Monday, January 30, 2006


For some reason, I dragged out a number of old Cure albums today and gave them a spin. The Cure is an extraordinarily inconsistent band in my opinion with the exception of their early (pre-The Top) work most of which I find compelling.

Later CDs never grabbed me though. The sole exception in Disintegration, and upon playing it again today I felt that it, too, had lost its magic. But as the record played on, I found my resistance to it slipping. Somewhere in the middle of Prayers For Rain I capitulated completely, and found myself wondering inwardly at what a great record this is.

Just why is difficult to pin down. Does it just wear you down with its unrelenting gloom until you simply have to sucumb? Perhaps there is something to this, but I think there is more. Robert Smith has never sung better than he does on this record, and his thin, whiny voice overcomes its limitations by using them to maximum expressive effect. At first, he seems merely theatrical but as song follows song, the theatre receeds and a starker, more personal, feel makes itself apparent.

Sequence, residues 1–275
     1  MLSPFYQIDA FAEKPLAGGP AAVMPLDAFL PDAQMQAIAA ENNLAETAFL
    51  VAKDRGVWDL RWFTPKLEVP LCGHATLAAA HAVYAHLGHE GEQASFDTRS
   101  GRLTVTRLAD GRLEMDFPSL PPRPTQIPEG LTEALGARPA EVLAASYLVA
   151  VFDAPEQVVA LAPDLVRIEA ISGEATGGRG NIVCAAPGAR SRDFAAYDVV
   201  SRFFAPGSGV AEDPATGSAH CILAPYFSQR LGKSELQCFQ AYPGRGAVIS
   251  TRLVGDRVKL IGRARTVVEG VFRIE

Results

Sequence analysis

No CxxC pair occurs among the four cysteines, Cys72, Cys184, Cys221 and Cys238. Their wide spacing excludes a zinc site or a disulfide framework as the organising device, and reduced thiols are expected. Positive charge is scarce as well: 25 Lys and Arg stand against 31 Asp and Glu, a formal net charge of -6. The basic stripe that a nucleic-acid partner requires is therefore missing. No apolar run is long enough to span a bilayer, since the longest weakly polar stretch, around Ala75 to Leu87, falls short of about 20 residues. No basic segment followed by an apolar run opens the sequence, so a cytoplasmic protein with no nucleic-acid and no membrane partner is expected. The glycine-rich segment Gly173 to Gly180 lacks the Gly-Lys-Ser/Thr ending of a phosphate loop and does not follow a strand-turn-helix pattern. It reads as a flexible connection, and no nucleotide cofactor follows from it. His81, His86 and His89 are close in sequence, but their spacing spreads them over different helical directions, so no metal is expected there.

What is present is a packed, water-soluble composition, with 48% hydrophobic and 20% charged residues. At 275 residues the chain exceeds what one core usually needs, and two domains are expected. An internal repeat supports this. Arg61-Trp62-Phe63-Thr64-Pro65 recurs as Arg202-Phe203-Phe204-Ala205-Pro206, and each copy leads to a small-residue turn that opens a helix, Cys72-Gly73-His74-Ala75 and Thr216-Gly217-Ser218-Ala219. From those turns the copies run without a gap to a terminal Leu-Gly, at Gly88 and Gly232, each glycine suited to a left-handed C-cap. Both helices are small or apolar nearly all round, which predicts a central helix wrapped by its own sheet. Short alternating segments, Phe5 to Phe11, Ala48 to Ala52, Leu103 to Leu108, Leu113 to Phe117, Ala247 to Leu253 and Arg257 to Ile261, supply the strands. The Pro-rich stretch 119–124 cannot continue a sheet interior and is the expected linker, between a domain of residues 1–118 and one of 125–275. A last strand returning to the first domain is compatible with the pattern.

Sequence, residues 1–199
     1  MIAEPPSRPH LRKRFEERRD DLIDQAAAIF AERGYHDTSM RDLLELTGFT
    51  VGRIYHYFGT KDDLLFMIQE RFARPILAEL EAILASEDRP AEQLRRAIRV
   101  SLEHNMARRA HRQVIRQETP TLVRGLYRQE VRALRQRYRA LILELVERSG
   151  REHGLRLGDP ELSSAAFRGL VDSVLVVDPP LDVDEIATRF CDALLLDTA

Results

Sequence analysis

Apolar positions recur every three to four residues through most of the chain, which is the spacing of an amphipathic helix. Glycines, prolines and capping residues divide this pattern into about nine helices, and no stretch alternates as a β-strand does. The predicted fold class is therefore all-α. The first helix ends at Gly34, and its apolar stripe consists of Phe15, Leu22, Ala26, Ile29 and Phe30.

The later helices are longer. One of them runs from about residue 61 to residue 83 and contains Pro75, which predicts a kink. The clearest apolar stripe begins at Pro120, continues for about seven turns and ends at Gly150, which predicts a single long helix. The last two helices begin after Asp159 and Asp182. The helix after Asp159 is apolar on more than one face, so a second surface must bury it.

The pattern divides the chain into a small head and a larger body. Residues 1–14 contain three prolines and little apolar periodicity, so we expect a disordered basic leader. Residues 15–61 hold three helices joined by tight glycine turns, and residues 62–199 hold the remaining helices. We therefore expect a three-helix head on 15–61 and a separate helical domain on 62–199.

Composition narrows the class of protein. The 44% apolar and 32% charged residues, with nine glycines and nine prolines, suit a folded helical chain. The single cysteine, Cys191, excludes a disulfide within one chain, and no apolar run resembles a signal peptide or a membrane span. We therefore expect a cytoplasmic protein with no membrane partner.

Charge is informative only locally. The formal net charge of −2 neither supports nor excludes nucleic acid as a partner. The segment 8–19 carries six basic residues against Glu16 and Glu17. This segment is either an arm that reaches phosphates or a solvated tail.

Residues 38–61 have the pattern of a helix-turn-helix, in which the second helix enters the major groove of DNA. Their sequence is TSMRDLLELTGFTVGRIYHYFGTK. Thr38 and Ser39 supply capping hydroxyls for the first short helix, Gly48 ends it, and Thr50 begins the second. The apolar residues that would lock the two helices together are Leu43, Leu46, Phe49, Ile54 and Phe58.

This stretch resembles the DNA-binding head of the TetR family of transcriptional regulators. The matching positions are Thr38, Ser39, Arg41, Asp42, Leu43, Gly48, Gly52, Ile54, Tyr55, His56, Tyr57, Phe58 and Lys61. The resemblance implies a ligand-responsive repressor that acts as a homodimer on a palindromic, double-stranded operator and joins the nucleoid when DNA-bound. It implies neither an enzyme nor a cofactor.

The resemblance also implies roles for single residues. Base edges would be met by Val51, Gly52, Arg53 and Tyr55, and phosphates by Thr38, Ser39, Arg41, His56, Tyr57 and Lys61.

Considering this is a band that has made the sparse, stark confessional its modus operandi from the very beginning, the fact that Smith is able to pull this off with such success on this particular record suggests that he was unusually in tune with some deeper, darker emotion.

What is true is that Disintegration stands out qualitatively far above the immediate preceeding and following Cure albums, and to date they have not matched it again. It is the only late - i.e. arena rock - manifestation of the band that makes much artistic sense to me, even as they were simultaneously achieving worldwide commercial success.

It's hard to imagine they will ever top it.

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